A study by the American Medical Association’s journal JAMA backs that up. The study found only 15% of immuno-compromised people who took the Pfizer or Moderna vaccine had antibodies after the first dose. Only 54% had antibodies after the second dose.
What Does That Mean?
That means protecting yourself against COVID-19 isn’t as simple as getting the vaccine. For anyone whose immune system is compromised, it’s time to put the mask back on.
“Those with weakened immune systems should continue wearing a mask correctly, stay at least six feet from others outside of your household, avoid crowds, poorly ventilated spaces and wash your hands often,” said Brookie Crawford. She serves as public information officer for the Virginia Department of Health’s Central Region.
The big thing, Crawford said, is that immuno-compromised residents need to talk to their doctor about what’s needed. Before giving up your mask or heading to a crowded concert, have a conversation about how the medicine you’re taking or your health condition could change how effective the vaccine is. And if the answer is “we don’t know yet,” Crawford suggests that you err on the side of caution.
As more studies finish, we’ll have a better understanding of how the vaccine needs to be adjusted or strengthened for those with weakened immune systems. One concept being examined at Johns Hopkins Medical Center is a booster shot. The idea is that immuno-compromised people just need more of the vaccine. Those clinical tests haven’t been finished yet, so there’s not enough data to say if that’ll work.
One idea that everyone agrees is a bad one involves stopping your current medicine. That won’t help at all, CDC officials and Virginia Health officials say. The reason is that your immune system would still be weak. The roof on the house didn’t suddenly get patched. All that does is create two problems, rather than one.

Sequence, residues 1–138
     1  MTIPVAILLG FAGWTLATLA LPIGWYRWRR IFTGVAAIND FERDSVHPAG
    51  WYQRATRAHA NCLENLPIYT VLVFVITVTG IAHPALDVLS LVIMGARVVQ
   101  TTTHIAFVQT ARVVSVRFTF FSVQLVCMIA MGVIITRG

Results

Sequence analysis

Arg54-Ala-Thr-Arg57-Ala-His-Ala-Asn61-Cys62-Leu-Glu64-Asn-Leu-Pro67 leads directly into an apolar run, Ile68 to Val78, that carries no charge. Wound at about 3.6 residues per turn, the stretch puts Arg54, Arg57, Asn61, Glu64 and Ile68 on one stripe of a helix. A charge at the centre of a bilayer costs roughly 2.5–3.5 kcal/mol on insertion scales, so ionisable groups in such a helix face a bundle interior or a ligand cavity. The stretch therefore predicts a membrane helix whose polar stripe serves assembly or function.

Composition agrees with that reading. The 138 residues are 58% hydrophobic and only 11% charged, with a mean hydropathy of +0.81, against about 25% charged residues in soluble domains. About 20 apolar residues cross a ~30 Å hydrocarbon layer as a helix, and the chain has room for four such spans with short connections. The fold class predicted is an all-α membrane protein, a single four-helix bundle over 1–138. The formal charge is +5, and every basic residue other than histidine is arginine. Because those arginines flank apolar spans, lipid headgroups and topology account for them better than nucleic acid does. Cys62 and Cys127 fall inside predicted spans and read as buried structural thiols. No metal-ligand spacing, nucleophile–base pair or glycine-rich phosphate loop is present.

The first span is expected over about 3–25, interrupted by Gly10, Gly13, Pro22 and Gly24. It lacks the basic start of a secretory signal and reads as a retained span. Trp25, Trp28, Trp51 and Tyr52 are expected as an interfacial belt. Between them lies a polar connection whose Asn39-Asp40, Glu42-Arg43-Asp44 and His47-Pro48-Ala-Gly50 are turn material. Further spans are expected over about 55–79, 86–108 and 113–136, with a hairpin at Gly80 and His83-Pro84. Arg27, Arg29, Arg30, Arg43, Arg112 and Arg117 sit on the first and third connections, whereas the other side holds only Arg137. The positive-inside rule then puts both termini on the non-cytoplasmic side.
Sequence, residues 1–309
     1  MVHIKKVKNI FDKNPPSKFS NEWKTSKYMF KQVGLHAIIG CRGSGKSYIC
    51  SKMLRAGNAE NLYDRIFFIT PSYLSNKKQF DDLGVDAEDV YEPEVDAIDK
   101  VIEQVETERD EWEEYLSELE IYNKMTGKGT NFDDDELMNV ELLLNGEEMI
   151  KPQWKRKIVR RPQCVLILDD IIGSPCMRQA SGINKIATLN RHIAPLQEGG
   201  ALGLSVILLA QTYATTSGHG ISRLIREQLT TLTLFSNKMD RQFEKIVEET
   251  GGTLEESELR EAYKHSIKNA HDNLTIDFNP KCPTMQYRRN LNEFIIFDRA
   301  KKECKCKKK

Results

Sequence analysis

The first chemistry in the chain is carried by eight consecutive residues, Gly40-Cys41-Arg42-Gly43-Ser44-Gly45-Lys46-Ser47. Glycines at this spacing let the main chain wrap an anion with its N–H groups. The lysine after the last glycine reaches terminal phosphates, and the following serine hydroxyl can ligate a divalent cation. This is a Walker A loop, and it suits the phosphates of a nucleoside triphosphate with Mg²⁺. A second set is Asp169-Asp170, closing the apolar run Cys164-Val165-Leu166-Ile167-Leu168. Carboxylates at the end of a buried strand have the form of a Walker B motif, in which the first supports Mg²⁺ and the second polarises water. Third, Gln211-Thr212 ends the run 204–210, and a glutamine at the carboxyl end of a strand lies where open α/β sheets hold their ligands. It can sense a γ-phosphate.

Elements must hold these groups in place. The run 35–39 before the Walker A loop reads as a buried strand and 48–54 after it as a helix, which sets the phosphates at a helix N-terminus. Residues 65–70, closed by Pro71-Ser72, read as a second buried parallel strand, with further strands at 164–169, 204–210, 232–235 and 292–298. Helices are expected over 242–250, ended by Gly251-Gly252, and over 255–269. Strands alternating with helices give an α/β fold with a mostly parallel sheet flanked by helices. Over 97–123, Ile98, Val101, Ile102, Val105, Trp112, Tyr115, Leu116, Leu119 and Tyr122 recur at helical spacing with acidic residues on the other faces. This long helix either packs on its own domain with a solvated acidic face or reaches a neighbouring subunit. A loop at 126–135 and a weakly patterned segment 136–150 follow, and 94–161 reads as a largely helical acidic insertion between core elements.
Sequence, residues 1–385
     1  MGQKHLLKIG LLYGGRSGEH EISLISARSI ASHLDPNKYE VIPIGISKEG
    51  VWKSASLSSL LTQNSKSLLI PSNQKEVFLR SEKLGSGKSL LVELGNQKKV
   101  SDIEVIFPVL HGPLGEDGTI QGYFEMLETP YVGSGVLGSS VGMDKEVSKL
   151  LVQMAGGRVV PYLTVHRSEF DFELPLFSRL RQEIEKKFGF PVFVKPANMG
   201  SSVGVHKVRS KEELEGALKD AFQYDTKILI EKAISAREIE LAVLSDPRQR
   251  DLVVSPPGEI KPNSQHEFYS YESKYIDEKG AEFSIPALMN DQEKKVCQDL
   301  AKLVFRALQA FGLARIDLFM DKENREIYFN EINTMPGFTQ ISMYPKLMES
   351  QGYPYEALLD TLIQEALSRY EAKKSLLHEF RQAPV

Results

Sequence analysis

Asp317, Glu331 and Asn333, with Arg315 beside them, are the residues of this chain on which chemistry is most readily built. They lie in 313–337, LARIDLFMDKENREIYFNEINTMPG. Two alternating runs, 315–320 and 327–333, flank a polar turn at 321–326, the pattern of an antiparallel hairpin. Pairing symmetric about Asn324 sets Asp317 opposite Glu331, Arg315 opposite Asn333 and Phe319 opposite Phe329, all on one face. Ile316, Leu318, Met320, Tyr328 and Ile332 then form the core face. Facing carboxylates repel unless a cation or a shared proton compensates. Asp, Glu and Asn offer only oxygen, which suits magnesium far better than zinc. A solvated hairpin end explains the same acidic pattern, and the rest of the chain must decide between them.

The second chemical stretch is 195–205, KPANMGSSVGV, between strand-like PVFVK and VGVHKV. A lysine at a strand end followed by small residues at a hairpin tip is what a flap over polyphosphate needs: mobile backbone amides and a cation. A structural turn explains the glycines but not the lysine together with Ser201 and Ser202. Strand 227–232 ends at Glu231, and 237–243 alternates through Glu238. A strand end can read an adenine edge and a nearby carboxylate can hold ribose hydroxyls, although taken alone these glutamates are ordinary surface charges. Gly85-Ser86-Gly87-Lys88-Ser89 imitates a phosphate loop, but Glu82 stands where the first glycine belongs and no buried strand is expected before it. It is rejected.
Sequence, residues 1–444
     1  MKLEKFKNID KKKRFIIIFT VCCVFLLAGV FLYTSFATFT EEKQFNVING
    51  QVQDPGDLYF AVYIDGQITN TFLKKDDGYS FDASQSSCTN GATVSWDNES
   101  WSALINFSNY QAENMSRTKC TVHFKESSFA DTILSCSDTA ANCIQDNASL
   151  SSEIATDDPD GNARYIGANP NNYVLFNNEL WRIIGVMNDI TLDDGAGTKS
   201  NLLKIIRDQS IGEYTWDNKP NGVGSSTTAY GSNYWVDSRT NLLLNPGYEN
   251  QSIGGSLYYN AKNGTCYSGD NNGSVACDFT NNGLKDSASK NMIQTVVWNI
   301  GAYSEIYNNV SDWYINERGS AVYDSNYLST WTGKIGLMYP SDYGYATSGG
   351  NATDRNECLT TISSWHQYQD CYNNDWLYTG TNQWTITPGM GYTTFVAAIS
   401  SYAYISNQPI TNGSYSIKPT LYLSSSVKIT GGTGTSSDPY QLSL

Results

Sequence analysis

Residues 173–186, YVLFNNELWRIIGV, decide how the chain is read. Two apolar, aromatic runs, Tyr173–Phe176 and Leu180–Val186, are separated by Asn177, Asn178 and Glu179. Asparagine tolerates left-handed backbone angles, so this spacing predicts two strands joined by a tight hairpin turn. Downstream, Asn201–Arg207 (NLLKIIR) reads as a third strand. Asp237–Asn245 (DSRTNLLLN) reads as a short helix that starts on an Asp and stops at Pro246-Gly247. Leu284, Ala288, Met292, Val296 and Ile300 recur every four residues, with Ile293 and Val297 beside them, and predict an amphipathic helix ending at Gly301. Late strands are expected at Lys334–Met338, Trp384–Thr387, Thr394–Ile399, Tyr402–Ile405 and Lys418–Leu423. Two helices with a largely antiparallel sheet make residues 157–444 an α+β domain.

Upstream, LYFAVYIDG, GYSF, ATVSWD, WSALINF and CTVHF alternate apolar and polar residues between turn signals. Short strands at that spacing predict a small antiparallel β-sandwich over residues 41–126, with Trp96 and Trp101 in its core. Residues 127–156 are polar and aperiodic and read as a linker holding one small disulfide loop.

The one thing proven to work so far is the mask and social distancing system, the CDC says. Stay six feet from other people and avoid crowds.
Call Your Doctor
Nationally, January 6 saw the highest reported number of COVID-related hospitalizations at 132,474. As of March 7 that number dropped to 40,199 cases.
As of July 12, a total of 222 patients were in Virginia hospitals with COVID-19 complications or pending test results. Over the course of the pandemic, 57,388 individuals with COVID-19 became hospitalized within and later discharged from a Virginia hospital. While all the COVID-19 numbers across Virginia are dropping, that doesn’t mean people should ignore any symptoms. Especially if you have a compromised immune system, what seems like a cold may require medical treatment. We’ve already seen some situations lead to myocarditis.
“If someone with a compromised immune system contracts COVID, they should contact their healthcare provider immediately,” Crawford said.
Brian Carlton is Dogwood’s managing editor. You can reach him at email@example.com.
Amie Knowles is a staff reporter for Dogwood. You can reach her at firstname.lastname@example.org.